SEO is something many WordPress users talk about but never practice. This is because of the lingering myth that SEO is a complicated game. To win, it’s believed you need to have certain technical skills and deep knowledge of how search engines like Google work.
This simply isn’t true.
To get your WordPress content to rank higher in search, you don’t need to be an SEO expert. You just need to know – and practice – some simple writing, content structuring, and topic research skills. In this post, we’ll show you how to do this painlessly.
To start, let’s install a plugin that will serve as your guiding light for WordPress SEO…
Step 1: Install the Yoast SEO plugin
Yoast SEO is a WordPress plugin that helps you optimize posts and pages published on WordPress. It tells you exactly what to change in your content to make it search engine-friendly.
To install the Yoast SEO plugin:
- Click the Plugins option in the WP admin sidebar and select Add New
- In the search box, type “Yoast SEO” and hit Enter
- Click Install on the Yoast SEO box that appears
- After installation, activate the plugin
After Yoast is installed and activated, visit one of your WordPress posts and scroll to the bottom. You’ll see a Focus keyword and Analysis section. Enter the keyword you want to rank for with that post in the “Focus keyword” field and click Update or Save Changes on the right-hand side.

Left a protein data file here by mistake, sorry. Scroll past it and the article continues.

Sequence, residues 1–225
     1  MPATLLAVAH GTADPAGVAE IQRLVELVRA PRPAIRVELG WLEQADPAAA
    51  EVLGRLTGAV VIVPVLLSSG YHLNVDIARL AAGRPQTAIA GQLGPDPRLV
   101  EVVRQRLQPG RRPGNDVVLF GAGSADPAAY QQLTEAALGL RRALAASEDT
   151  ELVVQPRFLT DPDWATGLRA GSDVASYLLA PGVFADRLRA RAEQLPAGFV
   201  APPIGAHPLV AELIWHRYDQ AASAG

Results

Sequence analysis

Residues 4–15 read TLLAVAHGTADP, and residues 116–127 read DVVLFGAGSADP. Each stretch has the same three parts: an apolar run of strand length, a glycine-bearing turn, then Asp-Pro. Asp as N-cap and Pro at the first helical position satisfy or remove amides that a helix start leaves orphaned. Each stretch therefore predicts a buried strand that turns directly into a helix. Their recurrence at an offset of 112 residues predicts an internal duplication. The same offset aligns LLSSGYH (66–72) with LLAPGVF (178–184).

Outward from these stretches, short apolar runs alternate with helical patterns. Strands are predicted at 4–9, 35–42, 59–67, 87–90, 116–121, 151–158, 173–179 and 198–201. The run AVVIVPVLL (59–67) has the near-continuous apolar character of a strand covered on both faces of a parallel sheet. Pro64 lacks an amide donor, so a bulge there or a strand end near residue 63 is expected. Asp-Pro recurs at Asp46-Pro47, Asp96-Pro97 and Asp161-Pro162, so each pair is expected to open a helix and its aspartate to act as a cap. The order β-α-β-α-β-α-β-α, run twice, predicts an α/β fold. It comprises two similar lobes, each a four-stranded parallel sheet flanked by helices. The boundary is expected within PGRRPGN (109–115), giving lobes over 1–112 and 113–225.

When the page refreshes, scroll to the bottom again to see a full analysis of your page. The screenshot above is an analysis of this post you’re currently reading about WordPress SEO.
Ideally you want all of the circles to be green. Follow the advice Yoast provides to make this happen. (The reason our circles aren’t all green is because we took this screenshot while writing and optimizing the post.)
Step 2: Fix permalinks and shorten URLs
The Permalink settings determine the URL structure of your posts and pages. How URLs are structured plays a role in how content ranks in search.
To configure permalinks, click Settings in the admin sidebar and select Permalinks. On the page, select the Post name option. Most SEO experts agree that the “Post name” permalink structure is best.
This does not necessarily mean you should keep the
/%postname%/ structure when you publish. It’s just a good default to have. For good SEO, you should keep the permalink section of your posts to 2-4 letters. (For instance, for this post it’s
Step 3: Give people what they’re looking for
What follows is good advice for anyone running a site – even if it’s not powered by WordPress. Consider this the “human aspect” of SEO. To maximize the effect of the tactics mentioned in Steps 1 and 2, it’s important to get these things right…
Understand search behavior